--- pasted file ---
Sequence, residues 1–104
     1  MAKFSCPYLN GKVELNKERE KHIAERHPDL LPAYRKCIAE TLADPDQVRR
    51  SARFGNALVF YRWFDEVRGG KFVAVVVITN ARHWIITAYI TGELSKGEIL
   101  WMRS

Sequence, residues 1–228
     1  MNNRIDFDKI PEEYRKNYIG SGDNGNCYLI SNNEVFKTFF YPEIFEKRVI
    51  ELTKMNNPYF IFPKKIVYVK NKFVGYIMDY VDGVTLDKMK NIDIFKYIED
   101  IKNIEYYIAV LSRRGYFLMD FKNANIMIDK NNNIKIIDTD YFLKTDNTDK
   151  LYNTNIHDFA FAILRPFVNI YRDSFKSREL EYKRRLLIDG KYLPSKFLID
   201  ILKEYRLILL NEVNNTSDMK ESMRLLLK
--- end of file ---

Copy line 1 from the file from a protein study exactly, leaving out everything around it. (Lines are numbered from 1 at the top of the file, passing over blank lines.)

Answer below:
Sequence, residues 1–104